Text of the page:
Things actually inside the zipper pouch -- the lighter was about a buck; the Hempwick was a free sample; the small ferro rod came with a cheap knife that I've long since disposed of, so it's essentially free. The compass lists today for about $8, but I paid less. The fresnel lens came in a 3-pack for under $10. The dental floss was given to me by my dentist at a semi-annual check-up. The disposable poncho was also about a buck; the lawn & leaf bag was on a large roll so I have no idea of the individual cost. The small penlight came free from my friendly local gun store. The small tinned candle was part of a three-pack from Exotac, so it's about $1.35.

    My EDC stuff -- the multi-tool cost me about $25 on eBay. The flashlight was part of a much larger package, so its about a buck. And the bandanna is probably about a buck. The bottle of water is about a buck. Figure another $28 to $30.

    OH! I forgot the little zippered pouch! I got it at The Container Store and I think I paid about 2 bucks for it. The pouch is perfectly-sized to contain the items, and to slip easily into a cargo pocket.
     
    Last edited: May 9, 2019
  37. Panzer

    Panzer Prepared Wanderer Supporter Bushclass I

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    Greaspot for Walmart is cheap
     
  38. leghog

    leghog Guide

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    Stanco grease pot. $7.50 at WalMart.
     
  39. MAD Punty

    MAD Punty Supporter Supporter

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    Really nice work, there!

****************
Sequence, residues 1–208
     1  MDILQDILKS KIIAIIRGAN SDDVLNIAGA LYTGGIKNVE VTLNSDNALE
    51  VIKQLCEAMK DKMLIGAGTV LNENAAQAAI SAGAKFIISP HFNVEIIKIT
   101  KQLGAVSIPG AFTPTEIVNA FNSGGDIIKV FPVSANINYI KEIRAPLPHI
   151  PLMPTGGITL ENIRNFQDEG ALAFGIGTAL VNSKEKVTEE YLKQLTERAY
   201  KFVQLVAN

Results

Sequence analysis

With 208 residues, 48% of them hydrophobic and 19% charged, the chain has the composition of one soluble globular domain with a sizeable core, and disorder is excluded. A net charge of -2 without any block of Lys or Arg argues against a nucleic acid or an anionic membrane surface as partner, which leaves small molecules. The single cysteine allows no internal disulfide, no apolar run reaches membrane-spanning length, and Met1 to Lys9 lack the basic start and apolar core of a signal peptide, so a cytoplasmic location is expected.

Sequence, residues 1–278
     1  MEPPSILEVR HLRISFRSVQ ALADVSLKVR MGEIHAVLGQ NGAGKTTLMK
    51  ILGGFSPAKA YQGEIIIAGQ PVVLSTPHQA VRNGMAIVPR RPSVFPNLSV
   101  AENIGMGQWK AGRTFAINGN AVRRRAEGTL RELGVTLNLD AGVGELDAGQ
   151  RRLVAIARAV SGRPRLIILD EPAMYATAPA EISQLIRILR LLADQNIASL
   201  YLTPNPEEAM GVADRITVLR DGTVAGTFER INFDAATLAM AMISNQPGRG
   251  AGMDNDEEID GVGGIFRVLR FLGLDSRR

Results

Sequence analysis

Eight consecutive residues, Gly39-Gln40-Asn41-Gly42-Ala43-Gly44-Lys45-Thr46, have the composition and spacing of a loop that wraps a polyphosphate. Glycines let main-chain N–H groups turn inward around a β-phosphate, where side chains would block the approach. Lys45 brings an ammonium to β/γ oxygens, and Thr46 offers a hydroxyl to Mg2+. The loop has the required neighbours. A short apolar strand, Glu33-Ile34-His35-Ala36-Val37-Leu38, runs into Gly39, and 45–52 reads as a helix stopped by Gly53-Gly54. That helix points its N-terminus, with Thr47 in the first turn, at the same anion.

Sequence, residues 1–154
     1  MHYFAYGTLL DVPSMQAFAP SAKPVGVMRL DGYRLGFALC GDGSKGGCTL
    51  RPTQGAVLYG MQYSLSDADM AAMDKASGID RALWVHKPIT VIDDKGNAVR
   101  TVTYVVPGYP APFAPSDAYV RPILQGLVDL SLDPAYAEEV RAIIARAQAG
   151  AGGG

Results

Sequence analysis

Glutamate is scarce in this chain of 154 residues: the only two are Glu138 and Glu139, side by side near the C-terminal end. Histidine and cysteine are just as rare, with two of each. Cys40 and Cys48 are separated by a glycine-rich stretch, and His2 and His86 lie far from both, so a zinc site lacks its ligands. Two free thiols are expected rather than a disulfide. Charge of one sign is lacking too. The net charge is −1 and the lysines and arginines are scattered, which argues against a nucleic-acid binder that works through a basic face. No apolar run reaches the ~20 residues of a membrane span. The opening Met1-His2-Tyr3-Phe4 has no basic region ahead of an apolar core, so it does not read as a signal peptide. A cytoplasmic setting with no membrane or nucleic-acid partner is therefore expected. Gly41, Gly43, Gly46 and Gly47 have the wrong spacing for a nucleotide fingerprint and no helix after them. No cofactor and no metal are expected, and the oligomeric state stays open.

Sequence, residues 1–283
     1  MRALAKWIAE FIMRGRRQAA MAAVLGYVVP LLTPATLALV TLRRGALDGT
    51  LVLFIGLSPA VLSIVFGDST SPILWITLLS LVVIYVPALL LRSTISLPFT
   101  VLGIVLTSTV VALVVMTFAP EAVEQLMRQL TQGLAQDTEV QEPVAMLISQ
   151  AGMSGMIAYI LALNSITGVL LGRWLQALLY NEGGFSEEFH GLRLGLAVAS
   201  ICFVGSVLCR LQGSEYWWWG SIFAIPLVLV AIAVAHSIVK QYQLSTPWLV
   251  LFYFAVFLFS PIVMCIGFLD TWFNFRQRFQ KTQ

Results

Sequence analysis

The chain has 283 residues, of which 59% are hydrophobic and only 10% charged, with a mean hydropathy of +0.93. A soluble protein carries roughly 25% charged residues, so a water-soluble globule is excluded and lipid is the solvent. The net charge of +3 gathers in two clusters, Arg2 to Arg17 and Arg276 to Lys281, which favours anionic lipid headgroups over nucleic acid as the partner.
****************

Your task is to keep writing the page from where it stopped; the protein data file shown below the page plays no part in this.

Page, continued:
My observations are as follows;

    1. I wouldn't include the jacket as part of the kit. I don't consider clothing part of kit, other than probably gloves, bandanas, and that sort of thing....accessories, I guess.

    2. MAJOR SCORE on the shelter! Very nice.:dblthumb:

    3. Nice job on the folding knife with the bottle and can opener. I can't quite make out what the other knife is, but alternatively the Old Hickory Butcher knife would be a great budget option for $12, but presents the problem of needing a sheath. A Mora is really too obvious to mention as a cheap option, too...or an Opinel. Carbon Old Hickory knives, Moras, and Opinels can all strike sparks with a flint or quartz, too.

    4. The tin is a nice score, but something like a stainless bowl for cooking and boiling water in would be nice to see in the kit. Cans are OK, but they often have liners in them to preserve the contents that is not meant to be heated, and can introduce mild toxins into your food or water if used over a fire. I suspect cookie tins do, too.

    5. The multi purpose lighter is fine, but I personally hate those things. They're not reliable. I would like to see some matches, or a lighter in there. I can't say I've never thrown those grill lighters across a yard or into the trash while practicing my colorful language.

    6. Add some trash bags. They make decent rain ponchos, emergency shelter, ground tarps, or even mattress if you stuff them with debris. They can also be used to gather water when it rains if you make a bowl out of them. One or two trash bags will do.